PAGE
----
Marketa Irglova (Girl) and Glen Hansard (Guy).

(review originally written in September)

Over the last decade or so, and especially in recent years, it seems to me that the label “independent”, whether it be through cinema or music or whatever, has lost its meaning in the majority of work released. When true independents revolutionized their labors of love in the early ’70’s, like Cassavetes and others, every inch of the arduent process was treated with the utmost care and by a select few. Now there are a handful of “independent” films being released every week, and although there are still some out there that have maintained what it truly means to go through an entire process of creating something on your own, I think most of the work has taken it for granted. It seems to now be a trend – even in cinema – like barb wire tattoos, little mini-mohawks, or luau things hanging from the rearview mirror. It just makes it harder to uncover some of the real independent pieces when they’re mixed in with hundreds of other phonies each year. That is, unless they are bright and shining standouts that cannot be missed even if you were trying.
John Carney’s Once is a revelation, a real and true and honest independent film that transcends the musical genre, creating on a small-scaled budget what American blockbusters couldn’t accomplish with their outrageous sums of money. The film’s premise is as simple as one can be as it follows a man who fixes vacuums, writes songs and plays them on the streets of Dublin, Ireland. There, one night, is where he meets a woman who just so happens to need a sweeper-fixing. Later she invites him into a music shop, where the owner allows her, a classically trained musician, to play the piano once a week. For the next few days, through nothing but songwriting, emotions held in on both ends will come tumbling out in ways rarely dealt with in cinema. There are no American ways of storytelling here, none of the insane coincidences or fairy tale-like conclusions. Once is just as real as a film can get, although it never feels like you’re watching a movie.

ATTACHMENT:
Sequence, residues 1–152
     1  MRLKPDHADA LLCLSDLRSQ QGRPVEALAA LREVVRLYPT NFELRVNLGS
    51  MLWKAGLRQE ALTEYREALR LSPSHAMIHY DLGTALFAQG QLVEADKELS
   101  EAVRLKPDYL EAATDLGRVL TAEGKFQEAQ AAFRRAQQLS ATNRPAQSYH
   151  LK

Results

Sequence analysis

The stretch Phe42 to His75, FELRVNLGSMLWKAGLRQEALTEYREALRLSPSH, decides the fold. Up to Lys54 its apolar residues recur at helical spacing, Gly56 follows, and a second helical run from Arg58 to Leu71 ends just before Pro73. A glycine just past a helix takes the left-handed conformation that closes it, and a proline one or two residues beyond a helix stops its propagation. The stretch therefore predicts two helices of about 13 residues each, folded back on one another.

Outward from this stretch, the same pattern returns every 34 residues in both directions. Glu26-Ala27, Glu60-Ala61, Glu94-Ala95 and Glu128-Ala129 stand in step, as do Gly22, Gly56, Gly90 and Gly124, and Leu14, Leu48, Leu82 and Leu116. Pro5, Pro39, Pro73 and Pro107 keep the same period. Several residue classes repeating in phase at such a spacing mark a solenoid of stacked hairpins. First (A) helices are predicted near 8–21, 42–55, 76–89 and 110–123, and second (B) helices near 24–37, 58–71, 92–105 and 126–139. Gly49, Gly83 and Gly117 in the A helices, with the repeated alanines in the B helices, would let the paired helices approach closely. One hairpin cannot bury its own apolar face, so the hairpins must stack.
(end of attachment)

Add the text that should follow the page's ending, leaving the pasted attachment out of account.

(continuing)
Glen Hansard and Marketa Irglova play the leads, both extremely talented musicians in real life, with such ease that it almost seems like they’re living it. Carney’s filmmaking is flawless, letting the situations and songs take deep breaths and play out in full, and even though the film hits a small 88 minutes, it is just right. I’ve never seen a film about musicians and songwriting feel this organic, like the songs are really being fleshed out and performed for the first time, right in front of your eyes. I am amazed that Amanda and I received another chance to see it with its re-release at a theater close by, and now the soundtrack, which I had been listening to a couple of weeks before seeing the movie, means a lot more to me and is one of my cherished discs in the collection. Carney’s film is a true wonder, a standout among a few very good films released this summer.
Rating: A+
1 hour 28 minutes
Fox Searchlight

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One Response to “DVD PICK OF THE WEEK: Once”

  1. Amanda Says:

    honey no joke, this didn’t even seem like a film to me at all. it just felt like we were watching people truley feel the beauty of what music can do for one another. this film gives me chills. i never seen anything like it. i fell in love with it. and it was amazing that we got to see it together for the first time. your review of this is beautiful.

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